In a Board Panel Decision dated May 24, 2017, the Board found that the Medical Treatment Guidelines apply to the out of state treatment of a claimant residing outside of New York State. The decision in In Re Hospice is important because it reverses the Board’s previous statements that out-of-state treatment was immune from the application of the restrictive Medical Treatment Guidelines (“MTG”). This meant that New York claimants merely had to “cross the river” into New Jersey or any other state and obtain medical treatment and medications which far exceeded the treatment or medications allowed under the Medical Treatment Guidelines, needlessly increasing the costs in their cases. Now employers and carriers have a Board Panel decision supporting the argument that law judges should apply the MTG’s to out of state cases. Continue reading Medical Treatment Guidelines Apply to Out of State Claimants
Opioids is one of the hottest topics in the workers’ compensation arena. As a result of the epidemic across the country, the New York Workers’ Compensation Board has implemented new procedures to address opioids. You can locate our recent articles about opioid abuse, requesting a weaning program with the assistance of the Non-Acute Pain Medical Treatment Guidelines, and the recent Board Bulletin released by the Workers’ Compensation Board that reiterates a growing need to stop the proliferation of long-term opioid use. Continue reading Emergency Room Opioids?
Recognizing that opioid addiction is a major public health crisis, the New York Workers’ Compensation Board today announced a new hearing process to address opioid weaning issues. In 2014, the Board implemented the “Non-Acute Pain Medical Treatment Guidelines” (“MTG”) to address opioid usage in workers’ compensation claims.
As the “Non-Acute Pain Medical Treatment Guildeines” makes clear, long-term opioid use is only recommended in limited circumstances, and must involve constant clinical monitoring and re-evaluation. The guidelines also includes best practices for safely weaning injured workers from opioids and other narcotics.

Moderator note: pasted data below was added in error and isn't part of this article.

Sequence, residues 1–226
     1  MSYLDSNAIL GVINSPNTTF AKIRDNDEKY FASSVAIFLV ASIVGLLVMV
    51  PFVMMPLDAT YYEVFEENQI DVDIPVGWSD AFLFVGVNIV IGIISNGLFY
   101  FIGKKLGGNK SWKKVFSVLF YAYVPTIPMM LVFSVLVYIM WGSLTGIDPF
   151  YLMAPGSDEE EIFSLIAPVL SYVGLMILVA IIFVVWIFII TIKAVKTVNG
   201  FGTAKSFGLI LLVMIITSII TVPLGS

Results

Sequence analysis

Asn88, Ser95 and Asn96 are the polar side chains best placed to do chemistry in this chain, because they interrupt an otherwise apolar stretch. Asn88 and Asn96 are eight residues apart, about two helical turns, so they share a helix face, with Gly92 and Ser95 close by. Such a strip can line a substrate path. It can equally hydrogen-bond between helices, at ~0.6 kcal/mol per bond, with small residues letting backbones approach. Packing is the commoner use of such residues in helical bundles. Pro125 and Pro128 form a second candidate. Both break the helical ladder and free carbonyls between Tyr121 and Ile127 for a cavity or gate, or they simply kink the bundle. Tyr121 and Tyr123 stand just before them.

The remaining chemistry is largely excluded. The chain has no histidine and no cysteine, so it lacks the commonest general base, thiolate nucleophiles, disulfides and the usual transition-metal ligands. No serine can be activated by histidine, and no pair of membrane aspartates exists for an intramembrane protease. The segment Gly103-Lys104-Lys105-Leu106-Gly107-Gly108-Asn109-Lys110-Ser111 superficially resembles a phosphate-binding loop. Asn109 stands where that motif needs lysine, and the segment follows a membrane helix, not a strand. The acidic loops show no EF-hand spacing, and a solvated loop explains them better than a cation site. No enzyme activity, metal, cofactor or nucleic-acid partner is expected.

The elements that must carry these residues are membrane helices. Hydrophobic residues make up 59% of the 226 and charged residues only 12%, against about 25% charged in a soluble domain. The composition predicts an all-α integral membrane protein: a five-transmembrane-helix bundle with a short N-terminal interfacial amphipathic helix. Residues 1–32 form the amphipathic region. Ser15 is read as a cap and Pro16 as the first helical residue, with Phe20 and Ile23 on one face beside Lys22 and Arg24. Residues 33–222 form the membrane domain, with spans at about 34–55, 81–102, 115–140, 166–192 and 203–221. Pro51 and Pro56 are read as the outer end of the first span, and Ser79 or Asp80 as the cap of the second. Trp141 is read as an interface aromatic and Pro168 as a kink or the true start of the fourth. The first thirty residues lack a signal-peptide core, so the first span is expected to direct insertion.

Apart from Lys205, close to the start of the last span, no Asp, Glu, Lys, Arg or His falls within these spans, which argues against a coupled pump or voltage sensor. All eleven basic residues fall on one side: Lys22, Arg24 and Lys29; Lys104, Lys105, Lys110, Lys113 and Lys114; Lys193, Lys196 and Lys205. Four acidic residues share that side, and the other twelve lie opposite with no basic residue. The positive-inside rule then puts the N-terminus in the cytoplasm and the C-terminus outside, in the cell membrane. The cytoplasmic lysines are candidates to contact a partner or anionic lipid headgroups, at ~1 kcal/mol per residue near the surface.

Requesting a Hearing
Under the new process, the insurance carrier or self-insured employer can now request a hearing to address whether the claimant should be weaned from opioids. In order to request the hearing, the Board requires an IME report or Records Review, “which indicates weaning goals and recommended weaning program or resource” be submitted with the RFA-2.
Continue reading New York Workers’ Compensation Board Announces New Hearing Process for Opioid Weaning Issues
Timeline of the “Typical” case: Admitted Traumatic Accident with Lost Time.
- Initial investigation to confirm loss.
- If there is medical and lost time, begin benefits.
- File FROI-00 (Electronic Data Interchange, “EDI”).
- File update EDI documents as the case progresses.
The Board’s initiative to enforce EDI (“eClaims”).
Beginning in 2013, the Board has begun an increased tempo of “monitoring and compliance” initiatives intended to enforce the eClaims guidelines and generate more penalty income for the State. The Board has now established a “Compliance Unit” intended to do the following:
- monitor performance standards for timely submission of First Report of Injury,
- confirm timely first payment of indemnity benefits,
- check for timely submission of Subsequent Report of Injury showing first payment,
- monitor timely submission of Controversy; and
- track the Percentage of Claims Controverted (how many cases is the carrier denying?).
The New York Workers’ Compensation Board announced the creation of a Medical Portal to enable electronic submission of C-4AUTH, MG-1 and MG-2 authorization requests. The portal will provide users with real time status of requests and send a notification when a status changes. The Board claims that users will no longer need to know which form to complete when submitting a request and the portal’s user interface will ask the user questions, the answers will determine the correct path and type of treatment authorization request.
Use of the portal is not required
Health care providers may continue to submit requests using the paper forms, if they choose. It is anticipated, however, that electronic submission will make the approval process faster, reduce errors, improve data quality, and eliminate the need to submit paper authorization forms. Additionally, if a health care provider submits a treatment authorization request electronically, the payer will be required to respond to the request electronically. If the medical provider submits a paper form, the payer must respond in kind via paper submission.
Here is the post-webinar video from our most recent presentation, “Medical Treatment Guidelines?” from our New York webinar training series. The complete archive of prior presentations is here.
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Subject: New York, Workers’ Compensation Law, Medical Benefits, Nonacute Pain Management Guidelines
Date Presented: August 15, 2016
Presenter(s): Declan Gourley, Esq., Jeremy Janis, Esq., and Greg Lois, Esq.
Run time: 19:09